Sewage treatment facilities can be located in densely populated areas.  It is critical that the facility operates with the least amount of released odors as possible.  Odor control is performed with many methods, but the most commonly used is a Bio-Scrubber system.  This system gathers vapors from the wet well using industrial fans, and adds chemicals and water to the vapors which are then sent through a bio filter system. These tanks and filters collect enough of the hydrogen sulfide gas so that any discharge out the stack has a minimal amount of odor.
Recent projects;

Municipal Wastewater Treatment Facility

Main processes for cleaning Wastewater

Physical – This involves large screens, centrifuges, clarifiers, aeration or blower air, Nano membranes or filter media types and reverse osmosis.

Chemical – This involves treating the water with chemicals such as lime, bleach/chlorine, hypochlorite, ozone or several other types of disinfectant.

Biological – naturally occurring microbes or organic matter that breaks down the pathogens or wastes into components that can be further treated with less chemicals required. Anaerobic Digestion process.

Newer Technologies – UV Light

GoalTo separate the solids from the liquids

Liquids typically go through a multi stage filtering and aeration process. Chemicals are added along the way until the wastewater is considered fresh potable water and suitable for discharge back into the environment.

Solids will go through a more involved filter pressing and heating process to drive more liquid out of the solid and make it into what is commonly called a “cake”. Once it gets to this stage it is a biosolid or sewage sludge.   An anaerobic digestion process uses naturally occurring bacteria to convert organic matter (sewage sludge) into methane and carbon dioxide. These components methane and CO2 are often referred to as Biogas.  The methane can be burned off using a thermal oxidizer, or it can be used in a combustion process to convert to a useful energy source for operating segments of the Wastewater Treatment facility.

The biosolids are further chemically treated until the level of pathogens has been reduced to an allowable limit set by EPA and other agencies.  This final product (ammonia/nitrogen rich solids) can then either be used on soils for agricultural purposes or for reclamation sites or landfill cover.  The current breakdown of biosolids application in the US is – Agricultural – 42%, Landfill or reclamation soil – 43%, and Incineration – 15%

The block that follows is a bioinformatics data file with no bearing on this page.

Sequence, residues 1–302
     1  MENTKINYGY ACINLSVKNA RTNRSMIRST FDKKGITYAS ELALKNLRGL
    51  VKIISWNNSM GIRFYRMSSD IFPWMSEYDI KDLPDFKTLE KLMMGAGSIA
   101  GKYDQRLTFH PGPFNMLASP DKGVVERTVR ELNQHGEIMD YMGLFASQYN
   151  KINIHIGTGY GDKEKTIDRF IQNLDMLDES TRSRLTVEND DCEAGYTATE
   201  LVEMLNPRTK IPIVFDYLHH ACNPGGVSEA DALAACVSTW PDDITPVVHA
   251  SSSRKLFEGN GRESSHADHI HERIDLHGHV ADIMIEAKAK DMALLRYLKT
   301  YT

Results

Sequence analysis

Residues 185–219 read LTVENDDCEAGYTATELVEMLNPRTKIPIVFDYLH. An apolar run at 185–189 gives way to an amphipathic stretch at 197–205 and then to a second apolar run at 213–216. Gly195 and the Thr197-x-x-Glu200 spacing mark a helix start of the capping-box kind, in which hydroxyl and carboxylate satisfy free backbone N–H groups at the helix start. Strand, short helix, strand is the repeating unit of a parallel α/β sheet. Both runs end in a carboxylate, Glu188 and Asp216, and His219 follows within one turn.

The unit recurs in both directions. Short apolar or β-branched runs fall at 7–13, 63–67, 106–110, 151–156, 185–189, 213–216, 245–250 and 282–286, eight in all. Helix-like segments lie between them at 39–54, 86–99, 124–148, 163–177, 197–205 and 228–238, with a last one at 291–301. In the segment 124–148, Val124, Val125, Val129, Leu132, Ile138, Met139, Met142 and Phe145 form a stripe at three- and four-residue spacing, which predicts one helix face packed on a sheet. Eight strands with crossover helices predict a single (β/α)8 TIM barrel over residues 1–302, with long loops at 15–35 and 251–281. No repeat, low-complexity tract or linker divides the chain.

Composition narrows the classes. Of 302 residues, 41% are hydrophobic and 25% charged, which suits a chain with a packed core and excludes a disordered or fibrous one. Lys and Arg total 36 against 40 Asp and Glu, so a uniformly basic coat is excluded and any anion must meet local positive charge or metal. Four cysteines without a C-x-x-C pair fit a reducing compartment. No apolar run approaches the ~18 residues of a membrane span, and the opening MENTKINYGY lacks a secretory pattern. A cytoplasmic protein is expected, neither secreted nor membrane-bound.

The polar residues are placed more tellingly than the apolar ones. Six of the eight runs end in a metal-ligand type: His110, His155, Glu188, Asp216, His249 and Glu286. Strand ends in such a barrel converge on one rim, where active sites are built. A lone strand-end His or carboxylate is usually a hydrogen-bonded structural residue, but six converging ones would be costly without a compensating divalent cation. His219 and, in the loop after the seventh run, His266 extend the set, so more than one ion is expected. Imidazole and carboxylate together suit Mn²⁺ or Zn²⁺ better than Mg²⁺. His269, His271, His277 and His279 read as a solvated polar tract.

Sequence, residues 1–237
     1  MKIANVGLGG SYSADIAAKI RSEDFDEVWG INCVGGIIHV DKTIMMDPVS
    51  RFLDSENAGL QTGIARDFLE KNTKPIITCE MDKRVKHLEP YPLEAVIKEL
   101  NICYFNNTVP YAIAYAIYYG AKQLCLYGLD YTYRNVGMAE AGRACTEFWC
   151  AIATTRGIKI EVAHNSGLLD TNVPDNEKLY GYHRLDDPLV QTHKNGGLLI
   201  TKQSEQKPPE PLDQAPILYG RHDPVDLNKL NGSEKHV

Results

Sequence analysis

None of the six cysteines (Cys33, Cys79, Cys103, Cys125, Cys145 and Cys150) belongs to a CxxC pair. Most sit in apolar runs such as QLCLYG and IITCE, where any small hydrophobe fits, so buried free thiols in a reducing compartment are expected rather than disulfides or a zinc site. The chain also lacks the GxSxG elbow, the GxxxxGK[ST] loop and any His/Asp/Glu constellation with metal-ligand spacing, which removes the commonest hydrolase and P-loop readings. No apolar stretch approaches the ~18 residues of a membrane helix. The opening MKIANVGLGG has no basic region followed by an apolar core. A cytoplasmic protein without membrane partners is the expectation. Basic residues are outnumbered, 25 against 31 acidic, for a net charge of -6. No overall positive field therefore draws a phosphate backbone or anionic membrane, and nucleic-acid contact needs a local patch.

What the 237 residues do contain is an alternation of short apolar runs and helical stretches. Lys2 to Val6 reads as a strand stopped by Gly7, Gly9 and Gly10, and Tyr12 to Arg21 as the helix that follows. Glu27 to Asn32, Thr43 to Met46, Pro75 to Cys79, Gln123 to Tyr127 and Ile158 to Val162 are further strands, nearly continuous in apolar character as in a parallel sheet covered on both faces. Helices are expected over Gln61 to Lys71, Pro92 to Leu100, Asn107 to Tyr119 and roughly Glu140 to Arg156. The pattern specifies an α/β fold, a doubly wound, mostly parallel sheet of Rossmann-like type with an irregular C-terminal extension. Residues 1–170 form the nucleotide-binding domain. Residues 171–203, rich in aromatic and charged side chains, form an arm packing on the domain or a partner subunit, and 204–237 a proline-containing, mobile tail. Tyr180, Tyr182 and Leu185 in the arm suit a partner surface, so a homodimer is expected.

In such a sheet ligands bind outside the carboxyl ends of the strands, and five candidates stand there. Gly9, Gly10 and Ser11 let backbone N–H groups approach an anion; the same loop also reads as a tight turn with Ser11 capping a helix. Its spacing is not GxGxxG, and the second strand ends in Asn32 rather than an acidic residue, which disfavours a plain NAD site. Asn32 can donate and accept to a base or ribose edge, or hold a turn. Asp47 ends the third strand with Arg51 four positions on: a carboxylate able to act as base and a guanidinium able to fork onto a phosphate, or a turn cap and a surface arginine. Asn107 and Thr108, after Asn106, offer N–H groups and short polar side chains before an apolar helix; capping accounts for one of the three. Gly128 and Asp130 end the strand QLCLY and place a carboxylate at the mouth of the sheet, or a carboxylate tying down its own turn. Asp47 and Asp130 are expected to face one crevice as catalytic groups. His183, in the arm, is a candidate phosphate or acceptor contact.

Industrial Onsite Wastewater Treatment Facilities

Many industrial manufacturers are required to pre-treat their chemical discharge before sending it to a municipal or county wastewater treatment plant.  Waco’s long history of experience working in industrial plants and our combined wastewater capabilities allow us to provide a combined approach that many other contractors cannot offer.


Waco has the ability to perform major upgrades to existing operational wastewater treatment facilities.  We have an extensive completed project list and over 40 years of experience in this segment of the construction business. Our jobs range from minor equipment change outs of $50,000 to large $10 million to $18 million projects involving installation of entire new buildings with filtering and chemical processing equipment.  We specialize in increasing the capacity of a wastewater treatment facility, or constructing components to bring an existing facility into compliance with new water regulation codes, or for reissuance of permits, such as the Virginia Pollution Discharge Elimination System (VPDES).
All this work can be done while the facility is operating. Coordinating with plant operators and engineers is critical, especially when the final connections between the older system components are made with newly installed systems.  Other factors such as stormwater control measures and modifications to roadways are elements that must be considered before implementation of any construction process.


Water and Wastewater treatment facilities will continue to see increasing demands.  Waco incorporates these new technologies into the project, and has the ability to implement those requirements in a coordinated construction process.  We work with the top Water and Wastewater treatment engineering firms, and invite you to review our past projects or contact a reference from our extensive list of clients.

Recent projects:

Huguenot Road Pump Station
Ridge Road Pump Station
Town of Crew 
Vent station overhaul at Creighton Road
Incinerator Upgrades for Wastewater Treatment Facility
Maintenance Cost and Odor Reduction at Waste Treatment Facility

Click here for more information about Waco’s Water and Wastewater Treatment capabilities.